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Major Ricky Gardner of the Bedford County Sheriff’s Office has made his thoughts known to Virginia Gov. Bob McDonnell on whether Jens Soering should be granted parole and deportation to his homeland in Germany: Don’t do it.
Gardner was the chief investigator when Derek and Nancy Haysom were murdered at their Bedford County home on that March 30 Saturday night in 1985. Derek Haysom had been stabbed 36 times; Nancy Haysom was stabbed seven times. Both had their throats cut from ear to ear.
“This was by far the worst crime scene I have ever witnessed,” Gardner told McDonnell in the letter he sent last week.
Gardner shared the facts of the case in his four-page letter—facts that Soering, who was convicted of the crimes in 1990, now denies.
Among those facts, Gardner states, is that Soering confessed that he committed the murders—three different times.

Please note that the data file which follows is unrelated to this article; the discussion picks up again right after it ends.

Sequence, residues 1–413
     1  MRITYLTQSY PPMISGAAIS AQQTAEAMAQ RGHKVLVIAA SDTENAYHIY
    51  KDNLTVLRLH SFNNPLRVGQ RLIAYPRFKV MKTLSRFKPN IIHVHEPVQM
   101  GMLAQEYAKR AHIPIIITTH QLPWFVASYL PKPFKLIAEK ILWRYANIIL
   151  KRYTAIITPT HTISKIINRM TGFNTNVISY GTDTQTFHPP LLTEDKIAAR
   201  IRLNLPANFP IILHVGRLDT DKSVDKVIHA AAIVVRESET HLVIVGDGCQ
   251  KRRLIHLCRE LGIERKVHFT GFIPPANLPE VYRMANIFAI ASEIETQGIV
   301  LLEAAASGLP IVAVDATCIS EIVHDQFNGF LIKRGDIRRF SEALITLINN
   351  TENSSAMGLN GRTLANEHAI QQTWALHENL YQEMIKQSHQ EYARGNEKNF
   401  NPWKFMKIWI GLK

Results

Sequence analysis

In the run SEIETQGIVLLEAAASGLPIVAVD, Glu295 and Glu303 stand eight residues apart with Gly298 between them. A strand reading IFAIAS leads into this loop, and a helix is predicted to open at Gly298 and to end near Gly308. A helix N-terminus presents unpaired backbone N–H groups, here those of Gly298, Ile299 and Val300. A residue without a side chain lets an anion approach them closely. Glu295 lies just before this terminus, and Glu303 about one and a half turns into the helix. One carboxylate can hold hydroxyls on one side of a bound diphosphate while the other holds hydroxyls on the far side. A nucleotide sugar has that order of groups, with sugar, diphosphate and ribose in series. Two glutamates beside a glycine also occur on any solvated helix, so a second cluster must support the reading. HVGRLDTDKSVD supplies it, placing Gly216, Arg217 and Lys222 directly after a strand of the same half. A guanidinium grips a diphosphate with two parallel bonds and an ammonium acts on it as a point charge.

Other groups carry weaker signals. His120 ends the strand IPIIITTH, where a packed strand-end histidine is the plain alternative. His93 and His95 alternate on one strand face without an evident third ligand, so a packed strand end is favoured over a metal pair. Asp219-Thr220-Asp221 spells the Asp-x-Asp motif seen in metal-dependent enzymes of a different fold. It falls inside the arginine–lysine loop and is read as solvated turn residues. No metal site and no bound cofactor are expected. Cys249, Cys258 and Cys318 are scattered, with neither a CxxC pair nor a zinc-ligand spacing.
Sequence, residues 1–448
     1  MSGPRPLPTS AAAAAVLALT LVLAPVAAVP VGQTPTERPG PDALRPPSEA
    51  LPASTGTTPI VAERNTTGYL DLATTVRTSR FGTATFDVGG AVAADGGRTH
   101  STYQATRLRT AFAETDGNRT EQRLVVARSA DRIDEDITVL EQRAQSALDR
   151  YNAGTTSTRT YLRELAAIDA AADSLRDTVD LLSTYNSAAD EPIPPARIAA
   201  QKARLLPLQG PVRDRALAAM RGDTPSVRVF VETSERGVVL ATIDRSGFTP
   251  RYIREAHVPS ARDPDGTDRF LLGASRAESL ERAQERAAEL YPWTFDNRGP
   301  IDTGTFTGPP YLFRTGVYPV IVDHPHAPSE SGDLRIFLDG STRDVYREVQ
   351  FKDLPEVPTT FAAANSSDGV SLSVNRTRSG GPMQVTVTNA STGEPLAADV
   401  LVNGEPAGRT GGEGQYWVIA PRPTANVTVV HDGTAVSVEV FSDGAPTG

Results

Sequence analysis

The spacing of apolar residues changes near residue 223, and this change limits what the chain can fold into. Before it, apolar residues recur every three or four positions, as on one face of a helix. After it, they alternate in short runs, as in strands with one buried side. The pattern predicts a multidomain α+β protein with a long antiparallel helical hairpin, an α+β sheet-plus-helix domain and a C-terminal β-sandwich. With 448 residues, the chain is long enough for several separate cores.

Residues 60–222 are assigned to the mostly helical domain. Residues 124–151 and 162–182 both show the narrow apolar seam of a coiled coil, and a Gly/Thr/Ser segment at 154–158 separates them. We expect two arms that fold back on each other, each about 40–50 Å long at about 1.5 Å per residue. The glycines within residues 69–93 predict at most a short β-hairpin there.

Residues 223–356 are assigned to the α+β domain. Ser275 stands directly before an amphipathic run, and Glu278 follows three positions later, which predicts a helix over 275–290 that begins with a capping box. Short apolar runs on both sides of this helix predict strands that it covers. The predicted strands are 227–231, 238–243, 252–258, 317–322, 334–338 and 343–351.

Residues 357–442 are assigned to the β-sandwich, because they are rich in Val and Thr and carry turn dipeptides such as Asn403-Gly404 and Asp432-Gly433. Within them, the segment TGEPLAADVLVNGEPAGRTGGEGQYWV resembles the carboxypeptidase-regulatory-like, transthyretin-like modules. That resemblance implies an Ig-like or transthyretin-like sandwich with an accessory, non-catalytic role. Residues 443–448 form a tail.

In the letter, Gardner recounts the early interviews with Soering and his girlfriend, Elizabeth Haysom, the Haysoms’ daughter, about where they were at the time of the murders. And he recounts their flight from justice in October 1985 and Soering’s three confessions, while in England, to the crimes.
Gardner pointed to forensic evidence found at the crime scene, letters and a diary written by Soering and Elizabeth Haysom, the couple’s flight out of the country during the investigation, and other evidence that corroborated the confessions Soering had offered, as to reasons why Soering’s request for clemency should be denied.
“Jens Soering has never shown any remorse, nor has he ever taken any responsibility for killing Mr. and Mrs. Haysom,” Gardner wrote. “He viciously attacked the victims in their home and nearly cut off their heads. He was going to kill me if Elizabeth had not stopped him. I think these facts alone should disqualify him from any special treatment.”